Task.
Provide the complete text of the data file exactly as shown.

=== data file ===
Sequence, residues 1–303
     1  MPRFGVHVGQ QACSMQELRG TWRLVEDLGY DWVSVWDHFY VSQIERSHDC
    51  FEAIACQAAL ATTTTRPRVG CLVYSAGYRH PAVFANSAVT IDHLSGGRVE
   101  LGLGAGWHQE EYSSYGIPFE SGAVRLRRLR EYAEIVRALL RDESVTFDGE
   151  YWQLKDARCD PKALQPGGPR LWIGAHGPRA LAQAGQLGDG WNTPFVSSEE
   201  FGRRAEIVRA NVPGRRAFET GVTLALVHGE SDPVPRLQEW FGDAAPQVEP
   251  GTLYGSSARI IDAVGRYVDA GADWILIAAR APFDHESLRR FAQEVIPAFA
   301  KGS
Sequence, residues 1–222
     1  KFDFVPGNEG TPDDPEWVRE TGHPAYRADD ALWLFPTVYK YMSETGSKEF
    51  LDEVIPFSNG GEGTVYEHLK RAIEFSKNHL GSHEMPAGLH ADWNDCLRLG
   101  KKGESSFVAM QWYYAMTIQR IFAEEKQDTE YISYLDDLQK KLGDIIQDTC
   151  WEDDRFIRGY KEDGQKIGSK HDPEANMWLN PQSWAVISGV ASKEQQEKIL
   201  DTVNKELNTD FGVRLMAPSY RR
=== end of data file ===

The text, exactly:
Sequence, residues 1–303
     1  MPRFGVHVGQ QACSMQELRG TWRLVEDLGY DWVSVWDHFY VSQIERSHDC
    51  FEAIACQAAL ATTTTRPRVG CLVYSAGYRH PAVFANSAVT IDHLSGGRVE
   101  LGLGAGWHQE EYSSYGIPFE SGAVRLRRLR EYAEIVRALL RDESVTFDGE
   151  YWQLKDARCD PKALQPGGPR LWIGAHGPRA LAQAGQLGDG WNTPFVSSEE
   201  FGRRAEIVRA NVPGRRAFET GVTLALVHGE SDPVPRLQEW FGDAAPQVEP
   251  GTLYGSSARI IDAVGRYVDA GADWILIAAR APFDHESLRR FAQEVIPAFA
   301  KGS
Sequence, residues 1–222
     1  KFDFVPGNEG TPDDPEWVRE TGHPAYRADD ALWLFPTVYK YMSETGSKEF
    51  LDEVIPFSNG GEGTVYEHLK RAIEFSKNHL GSHEMPAGLH ADWNDCLRLG
   101  KKGESSFVAM QWYYAMTIQR IFAEEKQDTE YISYLDDLQK KLGDIIQDTC
   151  WEDDRFIRGY KEDGQKIGSK HDPEANMWLN PQSWAVISGV ASKEQQEKIL
   201  DTVNKELNTD FGVRLMAPSY RR